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Whaling & Overfishing in Antarctica: Lesson for Kids

Instructor: Jenny Homer

Jenny has masters' degrees in public health and public administration.

This lesson focuses on two things happening in Antarctica today - whaling and overfishing. Find out what these activities are and how they affect the amazing wildlife that call Antarctica's oceans home.

Antarctica

Way down at the bottom of the Earth lies the continent of Antarctica. It's 5.5 million square miles and covered in ice with mountains and glaciers. We're not talking about thin ice either! It's so thick that Antarctica is the highest continent in the world at about more than 7,000 feet above sea level. The water around Antarctica is called the Circumpolar Sea or the Southern Ocean.

Antarctica was discovered by people in 1820, but it has been home to plants, insects, birds, fish, and marine mammals like whales and seals for much longer than that. In 1959, many countries signed the Antarctic Treaty saying that the land should be used for scientific and not military goals.

Today, scientists around the world work together on Antarctica because there's so much to learn. Unfortunately, two activities in Antarctica - whaling and overfishing - hurt the incredible wildlife living there and also have important consequences for people and animals all over the world.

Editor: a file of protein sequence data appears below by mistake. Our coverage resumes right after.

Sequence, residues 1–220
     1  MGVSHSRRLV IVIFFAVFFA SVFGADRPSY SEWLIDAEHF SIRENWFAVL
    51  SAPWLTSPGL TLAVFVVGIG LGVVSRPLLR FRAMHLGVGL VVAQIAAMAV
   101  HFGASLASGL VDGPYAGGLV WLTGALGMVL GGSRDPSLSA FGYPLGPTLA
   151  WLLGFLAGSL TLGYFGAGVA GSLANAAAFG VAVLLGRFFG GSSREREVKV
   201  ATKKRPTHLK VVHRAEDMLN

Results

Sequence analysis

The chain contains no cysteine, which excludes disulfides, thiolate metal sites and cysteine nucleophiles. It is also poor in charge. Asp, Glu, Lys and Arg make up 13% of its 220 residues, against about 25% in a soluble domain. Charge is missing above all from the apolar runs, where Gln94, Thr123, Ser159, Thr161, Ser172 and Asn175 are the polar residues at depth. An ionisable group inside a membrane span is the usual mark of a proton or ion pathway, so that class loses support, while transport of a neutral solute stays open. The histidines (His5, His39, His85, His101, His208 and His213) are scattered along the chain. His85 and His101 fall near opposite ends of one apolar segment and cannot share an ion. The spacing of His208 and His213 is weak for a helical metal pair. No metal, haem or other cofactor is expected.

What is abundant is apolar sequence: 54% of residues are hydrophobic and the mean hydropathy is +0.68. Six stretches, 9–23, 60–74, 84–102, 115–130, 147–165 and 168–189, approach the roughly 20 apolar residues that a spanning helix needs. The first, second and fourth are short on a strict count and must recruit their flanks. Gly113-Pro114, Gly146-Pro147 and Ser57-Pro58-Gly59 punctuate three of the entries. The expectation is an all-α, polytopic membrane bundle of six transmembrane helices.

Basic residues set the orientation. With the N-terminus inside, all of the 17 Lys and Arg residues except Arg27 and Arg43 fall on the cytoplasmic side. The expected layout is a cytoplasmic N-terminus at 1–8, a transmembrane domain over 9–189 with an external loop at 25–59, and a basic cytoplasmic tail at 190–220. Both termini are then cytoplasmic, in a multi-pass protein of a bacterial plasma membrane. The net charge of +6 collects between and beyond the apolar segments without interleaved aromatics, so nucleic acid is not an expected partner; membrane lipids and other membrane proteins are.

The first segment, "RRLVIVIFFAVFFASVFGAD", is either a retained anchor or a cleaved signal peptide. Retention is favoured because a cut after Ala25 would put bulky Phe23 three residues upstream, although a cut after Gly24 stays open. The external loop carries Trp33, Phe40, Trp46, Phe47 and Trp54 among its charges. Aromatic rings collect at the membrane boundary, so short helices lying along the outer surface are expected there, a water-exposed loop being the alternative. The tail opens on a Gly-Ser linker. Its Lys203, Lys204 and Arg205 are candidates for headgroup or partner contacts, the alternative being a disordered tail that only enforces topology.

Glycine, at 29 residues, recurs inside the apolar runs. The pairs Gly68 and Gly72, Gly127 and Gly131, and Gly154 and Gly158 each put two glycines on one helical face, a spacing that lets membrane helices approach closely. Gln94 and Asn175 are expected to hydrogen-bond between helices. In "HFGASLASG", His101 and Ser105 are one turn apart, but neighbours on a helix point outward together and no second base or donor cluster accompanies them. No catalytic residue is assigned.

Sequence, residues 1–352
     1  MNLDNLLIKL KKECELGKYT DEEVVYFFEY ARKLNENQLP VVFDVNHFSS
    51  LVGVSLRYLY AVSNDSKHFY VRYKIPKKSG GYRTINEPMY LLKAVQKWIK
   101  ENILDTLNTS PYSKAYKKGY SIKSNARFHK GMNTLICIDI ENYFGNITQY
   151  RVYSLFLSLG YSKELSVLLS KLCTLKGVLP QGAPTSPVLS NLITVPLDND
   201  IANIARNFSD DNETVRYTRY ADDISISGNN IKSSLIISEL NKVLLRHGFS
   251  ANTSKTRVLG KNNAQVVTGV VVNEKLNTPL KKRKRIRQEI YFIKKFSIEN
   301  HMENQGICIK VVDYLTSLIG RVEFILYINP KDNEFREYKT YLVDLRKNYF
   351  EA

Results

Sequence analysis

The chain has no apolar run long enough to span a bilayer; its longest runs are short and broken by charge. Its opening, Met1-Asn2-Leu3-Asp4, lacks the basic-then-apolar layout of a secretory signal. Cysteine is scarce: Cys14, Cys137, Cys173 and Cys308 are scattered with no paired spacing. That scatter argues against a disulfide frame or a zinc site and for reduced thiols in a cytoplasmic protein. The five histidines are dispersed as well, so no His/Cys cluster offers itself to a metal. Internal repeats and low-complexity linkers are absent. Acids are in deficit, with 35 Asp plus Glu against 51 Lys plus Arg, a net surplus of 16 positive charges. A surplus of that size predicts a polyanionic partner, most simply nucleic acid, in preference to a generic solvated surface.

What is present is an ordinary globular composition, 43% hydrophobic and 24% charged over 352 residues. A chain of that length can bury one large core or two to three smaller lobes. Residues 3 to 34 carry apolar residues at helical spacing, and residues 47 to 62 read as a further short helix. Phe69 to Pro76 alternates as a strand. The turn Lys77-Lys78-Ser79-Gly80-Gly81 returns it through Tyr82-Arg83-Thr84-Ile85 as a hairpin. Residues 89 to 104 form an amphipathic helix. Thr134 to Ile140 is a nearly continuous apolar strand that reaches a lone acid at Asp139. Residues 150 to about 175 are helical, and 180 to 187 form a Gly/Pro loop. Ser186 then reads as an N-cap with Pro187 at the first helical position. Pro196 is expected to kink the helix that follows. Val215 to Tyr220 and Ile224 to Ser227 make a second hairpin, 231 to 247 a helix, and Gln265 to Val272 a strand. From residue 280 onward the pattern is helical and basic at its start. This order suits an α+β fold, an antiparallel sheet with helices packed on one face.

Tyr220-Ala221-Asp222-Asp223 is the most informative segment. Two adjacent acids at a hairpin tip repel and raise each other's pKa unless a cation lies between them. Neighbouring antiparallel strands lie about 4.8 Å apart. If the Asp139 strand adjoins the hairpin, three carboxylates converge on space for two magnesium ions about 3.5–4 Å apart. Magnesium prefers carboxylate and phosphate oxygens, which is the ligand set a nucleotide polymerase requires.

Map of Antarctica
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Whaling

Soon after Antarctica was discovered, hunters came and almost killed the whole population of fur seals. As the hunting of seals slowed down, whaling became more popular. In 1910, half of the whales caught in the world came from the Southern Ocean. An organization called the International Whaling Commission (IWC) was set up in the late 1940s to make rules about whaling and protect the kinds of whales that were being killed.

In 1986, the IWC said that all whaling for business wasn't allowed. The only exception is for countries who kill whales in order to do scientific research. The very next year, Japan started a program to hunt whales in Antarctica for research. In 2014, an international court said that Japan should stop all whaling because it really didn't seem to be for scientific reasons. Japan was still selling the whale meat. Japan stopped whaling for a short time and then started a smaller research program. In 2016, people and organizations were very upset when Japan killed 333 minke whales.

Minke whale
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